Ultimately, the commissioners agreed on the latter approach, even if it meant having to seek funding to complete the projects down the road.

“It’s important to get legs on our projects and get them moving, so if we can get funding to start [them], we’re better for it,” Bilella said.

The commission voted unanimously to request funding for the following three priorities:

  • Improved drainage and irrigation at the multiple Middlebrook sports fields and the adjacent Madaras soccer field, with a total cost estimated at $705,000. This work is seen as the commission’s top priority, given the frequent field closures at the site.
  • A new turf field with lights, most recently estimated at a whopping $2.2 million, even on a flat site that would not require significant site work. The commission intends to request $700,000 from the infrastructure funds — enough to cover the $200,000 for the initial design and other related work, and $500,000 toward the $2 million in construction costs.
  • Merwin Meadows playground area and fencing upgrades, estimated at $250,000. (Note: the commission also debated whether $395,000 in renovations to the bathhouse and lifeguard shack — which Parks and Recreation Department Director Steve Pierce mentioned had not been meaningfully improved in decades — should be requested. They opted to prioritize the playground, which gets more year-round use than the seasonal beach facility.)

Commissioners lamented what commissioner Joe Guglielmo called a “Band-Aid approach” to many Parks and Rec facilities as they urged Bilella and Pierce to “be aggressive” in making their requests to the BOS.

Commissioner Jennifer Kendra pointed out that even a portion of funding for a major project can be pivotal, particularly a project like a new turf field.

“Some town investment [means] we can then have that confidence to go to private donors and finish it out,” Kendra said. “That’s always been a weakness. By doing that [investment], the Town puts some skin in the game and that shows good faith that this can move forward.”

Bilella called the commission’s agreed-upon strategy a “solid approach” for the funding request.

“It gets three of our [top priorities] moving; it has real impact across the community, not just from a pure sports [perspective] but also incorporates the recreational piece; and [it] looks to advance our facilities and assets to where we’re trying to go,” Bilella said.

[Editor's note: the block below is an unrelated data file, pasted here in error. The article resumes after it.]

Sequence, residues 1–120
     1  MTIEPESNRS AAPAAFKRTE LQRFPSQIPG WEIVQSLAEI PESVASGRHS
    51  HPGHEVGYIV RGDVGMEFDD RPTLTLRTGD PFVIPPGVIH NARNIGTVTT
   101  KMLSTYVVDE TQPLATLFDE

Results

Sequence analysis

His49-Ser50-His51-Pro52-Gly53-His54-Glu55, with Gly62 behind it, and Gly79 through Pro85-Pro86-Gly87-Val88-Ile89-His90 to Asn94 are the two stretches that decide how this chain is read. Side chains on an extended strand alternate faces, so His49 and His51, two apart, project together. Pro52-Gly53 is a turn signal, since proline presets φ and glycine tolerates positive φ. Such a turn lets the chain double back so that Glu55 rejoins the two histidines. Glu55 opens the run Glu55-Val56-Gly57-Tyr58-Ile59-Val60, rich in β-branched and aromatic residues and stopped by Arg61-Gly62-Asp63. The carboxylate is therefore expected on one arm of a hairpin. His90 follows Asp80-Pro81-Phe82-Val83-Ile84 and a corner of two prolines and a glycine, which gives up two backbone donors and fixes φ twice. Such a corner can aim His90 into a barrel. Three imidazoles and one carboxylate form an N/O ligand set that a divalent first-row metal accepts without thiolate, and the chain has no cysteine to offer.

Municipal Buildings

Facilities Director Chris Burney is also lining up for a slice of the infrastructure funding pie.

Burney is scheduled to appear at the March 22 BOS meeting to make his pitch for projects at Town-owned properties that would include replacing the columns and steps that have fallen into disrepair at Town Hall, insulating areas of the complex that are currently uninsulated, and other potential projects in municipal buildings.

The costs for those projects have not been announced yet, but Burney has quantified $150,000-$200,000 in work needed at the Ambler Farm “yellow house,” including some abatement work along with other interior and exterior upgrades.

The house was built circa 1800. Wilton’s Historic District Commission, which also met on March 1, plans to offer strong support for Burney’s funding request.

UPDATE, 11:30 A.M. — The Historic District Commission forwarded its statement of support, which is included at the end of the article, below.

Making Choices

At the Feb. 22 BOS discussion, Vanderslice acknowledged the board will likely have to make some choices among the competing departmental requests.

“We know there are things we need to prioritize, and we don’t know how much money is available,” Vanderslice said. “But at least we want to get each of the projects down on a schedule… After March 22, the hope is we take the whole list, have costs assigned to everything, and then we can prioritize the money.”